Unfortunately, BAPS is not in a position to take dogs from people who give them up. We work with a very limited budget, so we have to carefully control the number of dogs we have, and the type of dogs we have.
Every week I get contacted by people wanting me to intake strays they picked up, or family dogs that need rehoming. I wish I could take them all, but we simply can't afford it.
The fact is, dogs have a different psychological take on life than humans do. My suggestion is that you take a step back from the situation, and re-evaluate your definition of 'fair for the dogs'.
Dogs have a different perception of time than we do. They are not aware of cumulative time blocks as we are. They DO perceive that a period of time has passed, but they do not accumulate periods upon each other. In other words, they are aware of '1 hour', but they cannot be aware mentally of '14 hours'. To them there are only 2 concrete mentally recognizable times. The recent past (1-2 hours) and the present.
Most research indicates that dogs measure time by the intensity of smell. A dog can tell the difference between a smell that is 10 minutes old and a smell that is 11 minutes old. that is why scent hounds know which way to follow a trail they encounter. As long as your scent remains in your house, they will be aware of your presence, and will accept that you WERE there in the recent past. Then, they will use their experience based cognition to correlate: "Dad was here. He's left us here before, and eventually he came back". Then, they will just sit patiently waiting for you.
That is the MENTAL part of time measurement. The other way that dogs are affected by time is of course, physiological. Hunger and the need to relieve themselves are the two major factors here.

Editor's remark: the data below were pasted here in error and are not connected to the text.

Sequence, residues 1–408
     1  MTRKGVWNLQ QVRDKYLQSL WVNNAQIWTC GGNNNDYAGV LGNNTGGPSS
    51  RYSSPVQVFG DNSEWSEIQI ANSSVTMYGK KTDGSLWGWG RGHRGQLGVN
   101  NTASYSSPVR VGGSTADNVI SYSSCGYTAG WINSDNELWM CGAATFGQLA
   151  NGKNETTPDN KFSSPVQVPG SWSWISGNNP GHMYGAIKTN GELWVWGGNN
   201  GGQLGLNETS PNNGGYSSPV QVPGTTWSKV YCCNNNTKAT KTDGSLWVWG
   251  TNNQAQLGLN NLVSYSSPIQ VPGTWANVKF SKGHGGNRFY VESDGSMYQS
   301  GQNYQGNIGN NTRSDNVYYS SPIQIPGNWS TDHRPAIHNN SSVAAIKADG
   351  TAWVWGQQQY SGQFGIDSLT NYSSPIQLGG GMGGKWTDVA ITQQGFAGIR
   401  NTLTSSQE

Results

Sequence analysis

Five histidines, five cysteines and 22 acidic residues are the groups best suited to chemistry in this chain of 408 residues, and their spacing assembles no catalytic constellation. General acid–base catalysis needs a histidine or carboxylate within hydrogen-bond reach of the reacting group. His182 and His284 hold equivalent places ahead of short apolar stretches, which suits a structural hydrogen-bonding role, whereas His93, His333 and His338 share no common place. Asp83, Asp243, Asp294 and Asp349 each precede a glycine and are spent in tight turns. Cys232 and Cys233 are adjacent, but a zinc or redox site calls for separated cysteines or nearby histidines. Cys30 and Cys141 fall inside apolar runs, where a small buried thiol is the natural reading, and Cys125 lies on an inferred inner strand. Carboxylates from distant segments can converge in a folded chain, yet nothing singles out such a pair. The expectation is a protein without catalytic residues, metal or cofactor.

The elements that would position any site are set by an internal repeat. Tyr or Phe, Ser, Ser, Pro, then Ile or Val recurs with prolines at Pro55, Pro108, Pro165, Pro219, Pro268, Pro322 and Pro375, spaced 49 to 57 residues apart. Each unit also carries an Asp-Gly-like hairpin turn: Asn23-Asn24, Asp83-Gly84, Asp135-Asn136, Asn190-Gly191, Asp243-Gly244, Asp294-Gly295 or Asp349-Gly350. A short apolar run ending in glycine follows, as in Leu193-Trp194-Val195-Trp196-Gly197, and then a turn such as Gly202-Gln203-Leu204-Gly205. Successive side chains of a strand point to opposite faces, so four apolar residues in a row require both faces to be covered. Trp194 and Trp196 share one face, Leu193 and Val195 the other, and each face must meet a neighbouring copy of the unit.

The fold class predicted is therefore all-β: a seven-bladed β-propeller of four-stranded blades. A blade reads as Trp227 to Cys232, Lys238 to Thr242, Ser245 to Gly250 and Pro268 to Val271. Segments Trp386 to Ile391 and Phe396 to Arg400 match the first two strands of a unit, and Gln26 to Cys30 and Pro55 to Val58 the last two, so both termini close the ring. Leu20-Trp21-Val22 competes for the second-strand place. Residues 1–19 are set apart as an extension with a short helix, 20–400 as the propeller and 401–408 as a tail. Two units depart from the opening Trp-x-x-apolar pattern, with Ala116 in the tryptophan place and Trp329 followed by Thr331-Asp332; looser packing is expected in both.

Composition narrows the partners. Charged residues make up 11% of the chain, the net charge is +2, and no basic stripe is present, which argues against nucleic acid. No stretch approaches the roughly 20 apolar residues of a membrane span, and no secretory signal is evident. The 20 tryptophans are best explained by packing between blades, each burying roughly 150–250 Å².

This part is easily remedied. You can have someone come by the house once or twice and tend to their physiological needs.
Let me tell you a story. There was a time in my life when because of work I had to leave my 4 dogs alone for up to 12 hours a day. I felt the same way you do. Being a tech geek, I set up a home surveillance system, that I could monitor while I was away. I just had to see how sad and miserable my pups were for all those hours alone.
I was extremely disappointed with the result. Basically, I spent a thousand dollars to watch my dogs sleep. Yup. That's what dogs do when we aren't home. They lay down, entertain themselves lightly (chew something, lick something) until they fall asleep. 1 hour, 12 hours, its all the same. They peacefully sleep.
Dogs bond with their masters. Breaking the bond is a traumatic event in a dog's life, forever altering their mental state. If your dogs could speak, they will tell you that they'd rather wait for you to come home no matter how many hours, than be forced to leave you forever.
Sure, they can re-bond. Sure, they can be happy in a house where they are accompanied 24 hours a day. But the fact is, they will not be sad, disappointed, or miserable remaining your dogs, and getting to be with you the hours you are home.
I understand if people make either choice, you know your own long term situation. But I just want to give information to understand their mental state before you choose what to do.
If you do decide to keep them, I can give you some suggestions on how to make their life a bit more comfortable while you are away.